Samba 4.15 Ships with a Modernized Virtual File System Modules

Samba 4.15 is now available as the latest release for improving Windows interoperability (i.e. SMB/CIFS) on Linux and other platforms.

Samba 4.15

Samba 4.15 is now available as the latest release for improving Windows interoperability (i.e. SMB/CIFS) on Linux and other platforms.

Samba is an open source software which provide print and seamless file services to SMB/CIFS protocol clients. It allows interoperability between Linux/Unix servers and Windows based clients. The software is based on the common client/server protocol of Server Message Block (SMB) and Common Internet File System (CIFS). 

To put it simple, Samba can help Windows and Linux/Unix machines coexist in the same network. It allows files to be shared across Windows and Linux/Unix systems simply and easily.

Related: How to Use Showmount Command to Display Shares from an NFS Server

For those unfamiliar, the SMB protocol was designed to allow computers to read and write files to a remote host over a local area network (LAN). CIFS is a particular implementation of the SMB protocol, created by Microsoft.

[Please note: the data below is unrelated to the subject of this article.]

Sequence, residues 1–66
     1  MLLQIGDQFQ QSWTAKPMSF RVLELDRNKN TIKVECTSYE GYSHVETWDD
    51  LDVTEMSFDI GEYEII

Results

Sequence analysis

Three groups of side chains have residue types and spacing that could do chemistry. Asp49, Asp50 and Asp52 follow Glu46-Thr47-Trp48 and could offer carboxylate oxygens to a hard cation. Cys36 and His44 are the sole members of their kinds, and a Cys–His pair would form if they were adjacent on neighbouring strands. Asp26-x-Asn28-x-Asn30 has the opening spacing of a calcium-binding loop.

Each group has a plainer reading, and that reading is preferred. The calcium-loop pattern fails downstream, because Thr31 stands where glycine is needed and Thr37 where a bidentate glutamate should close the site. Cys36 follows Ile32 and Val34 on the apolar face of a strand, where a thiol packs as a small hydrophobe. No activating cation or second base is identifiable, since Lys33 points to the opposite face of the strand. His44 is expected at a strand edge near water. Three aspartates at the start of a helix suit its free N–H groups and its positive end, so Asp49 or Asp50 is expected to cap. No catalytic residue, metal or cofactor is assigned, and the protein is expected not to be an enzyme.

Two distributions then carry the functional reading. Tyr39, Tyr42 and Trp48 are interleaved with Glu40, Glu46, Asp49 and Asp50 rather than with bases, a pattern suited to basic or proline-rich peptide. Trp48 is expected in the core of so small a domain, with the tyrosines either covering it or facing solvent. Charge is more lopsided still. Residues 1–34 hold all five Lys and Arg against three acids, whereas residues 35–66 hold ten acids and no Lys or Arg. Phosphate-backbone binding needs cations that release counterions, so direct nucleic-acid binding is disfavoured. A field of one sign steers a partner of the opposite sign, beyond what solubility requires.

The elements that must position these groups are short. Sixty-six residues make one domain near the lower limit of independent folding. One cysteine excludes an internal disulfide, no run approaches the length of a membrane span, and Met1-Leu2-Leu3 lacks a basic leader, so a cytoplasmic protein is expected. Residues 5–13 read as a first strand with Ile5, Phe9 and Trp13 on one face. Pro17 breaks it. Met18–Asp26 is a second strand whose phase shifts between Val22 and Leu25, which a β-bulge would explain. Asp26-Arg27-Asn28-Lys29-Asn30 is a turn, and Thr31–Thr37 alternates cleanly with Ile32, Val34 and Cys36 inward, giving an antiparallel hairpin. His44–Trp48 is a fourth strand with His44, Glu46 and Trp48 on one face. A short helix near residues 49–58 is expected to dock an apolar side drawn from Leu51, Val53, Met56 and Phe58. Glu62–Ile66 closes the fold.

For those using Samba as the open-source implementation of SMB/CIFS and allowing for file/print sharing with Microsoft Windows systems, Samba 4.15 is now available as the project’s latest feature release.

Key Changes in Samba 4.15

The effort to modernize Samba’s VFS interface is complete and Samba 4.15 ships with a modernized VFS. The VFS (Virtual File System) in Samba enable administrators to extend the functionality of Samba through modules.

Up to now, any client could use a DNS zone transfer request to the bind server, and get an answer from Samba. Now the default behavior will be to deny those request. Two new options have been added to manage the list of authorized/denied clients for zone transfer requests. In order to be accepted, the request must be issued by a client that is in the allow list and NOT in the deny list.

Another important change is that server multi channel support is no longer experimental. This option is enabled by default starting with Samba 4.15. Due to dependencies on kernel APIs it’s only possible to use this feature on Linux and FreeBSD for now.

In this new version a new command line parser has been implemented with sanity checking. Also the command line interface has been simplified and provides better control for encryption, signing and kerberos.

Those interested in learning more about the just-released Samba 4.15 can visit the project’s website for all of the release details.

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